Nestled in an elegant Buda street is this pre-war villa that has been preserved in near original condition, where a charming apartment had to be created as part of a loft conversion. Now complete with an exclusive new balcony on the south side, the resulting living space provides plenty of indoor comfort while seamlessly integrating both into the art deco design of the facade that is visible from the street and into the neighborhood itself. The construction permit procedure took place at a time when the legislature was busy harmonizing the ‘simplified residential building notification’ and ‘townscape notification’ processes with conventional permit procedures in Hungarian public administration. This has yet to be implemented without hiccups, but in this particular case local authorities were absolutely puzzled in deciding whether the planned development constituted an expansion. The construction finished, the owner uses the apartment.
An international hotel management company established a 110-room, five-star hotel in the heart of Budapest, in two adjacent corner buildings built in the 19th century. Under local zoning regulations, planes of the original roof must be preserved. We have opted for a historically faithful restoration of facades despite the fact that none of these buildings are actually landmark-protected. Originally used as the Embassy of Austria, the corner building located at Akadémia utca 17 received a small extension and a full restoration of its ornate triple gate, thereby regaining its Empire splendor. The other building, situated at the corner of Akadémia utca and Steindl Imre utca, was initially built as a condominium, and now fits seamlessly into its surroundings thanks to a complete reconstruction and insulation of its facades. In both buildings, inner facades were restored largely based on original blueprints and given cutting-edge thermal insulation. I worked in this project alongside fellow architect Ádám Sylvester from 2008 through 2020.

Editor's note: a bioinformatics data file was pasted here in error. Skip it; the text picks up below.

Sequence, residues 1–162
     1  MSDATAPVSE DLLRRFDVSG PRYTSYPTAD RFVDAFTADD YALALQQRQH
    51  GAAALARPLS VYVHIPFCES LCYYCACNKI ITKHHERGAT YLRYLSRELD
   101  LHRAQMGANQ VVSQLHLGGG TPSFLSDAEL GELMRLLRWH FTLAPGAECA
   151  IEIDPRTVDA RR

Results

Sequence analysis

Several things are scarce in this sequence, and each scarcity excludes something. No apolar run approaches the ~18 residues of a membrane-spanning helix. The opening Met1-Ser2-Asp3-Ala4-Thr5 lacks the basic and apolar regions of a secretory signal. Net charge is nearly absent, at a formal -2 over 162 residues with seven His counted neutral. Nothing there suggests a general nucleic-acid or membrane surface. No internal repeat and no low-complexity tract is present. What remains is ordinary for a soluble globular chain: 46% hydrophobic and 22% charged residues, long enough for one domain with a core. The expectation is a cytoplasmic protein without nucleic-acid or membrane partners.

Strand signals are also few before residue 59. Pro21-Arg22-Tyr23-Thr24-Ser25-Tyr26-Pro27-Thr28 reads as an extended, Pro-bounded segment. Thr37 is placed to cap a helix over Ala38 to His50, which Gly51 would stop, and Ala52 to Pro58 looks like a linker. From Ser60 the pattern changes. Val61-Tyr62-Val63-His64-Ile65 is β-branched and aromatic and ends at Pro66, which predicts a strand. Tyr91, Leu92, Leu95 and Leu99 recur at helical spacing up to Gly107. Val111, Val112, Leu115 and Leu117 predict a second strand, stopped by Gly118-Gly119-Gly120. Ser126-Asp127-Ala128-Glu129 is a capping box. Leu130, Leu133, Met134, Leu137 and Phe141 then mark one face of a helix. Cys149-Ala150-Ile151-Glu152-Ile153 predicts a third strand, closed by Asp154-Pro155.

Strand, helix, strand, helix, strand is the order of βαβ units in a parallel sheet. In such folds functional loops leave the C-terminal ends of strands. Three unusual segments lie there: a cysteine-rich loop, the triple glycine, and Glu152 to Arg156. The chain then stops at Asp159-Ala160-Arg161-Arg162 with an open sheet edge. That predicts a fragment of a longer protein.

Unremarkable in both character and quality, this is a festooned tenement house built in Art Deco style. A run-of-the-mill member of Budapest eclecticism, it still features excellent proportions, avant-corps and a sense of boldness. As such, a reconstruction and restoration of near-original conditions is highly recommended. This desolate building is a perfect example of what decades of physical and financial neglect can cause when paired with utter cultural barbarism. As if major historical events (such as Budapest’s siege of 1944 and the Revolution of 1956) had not been enough. The images presented here feature some of the key pages of the design documentation submitted as part of the so-called ‘townscape notification procedure’, providing a rough overview of the design process: 1: current state, 2: line drawing of current state, 3 and 4f: detailed facade analysis, 5: line drawing of designed state, 6: colour scheme, 7: detail drawings. The plan was prepared in 2018, the implementation is ongoing during the summer of 2020.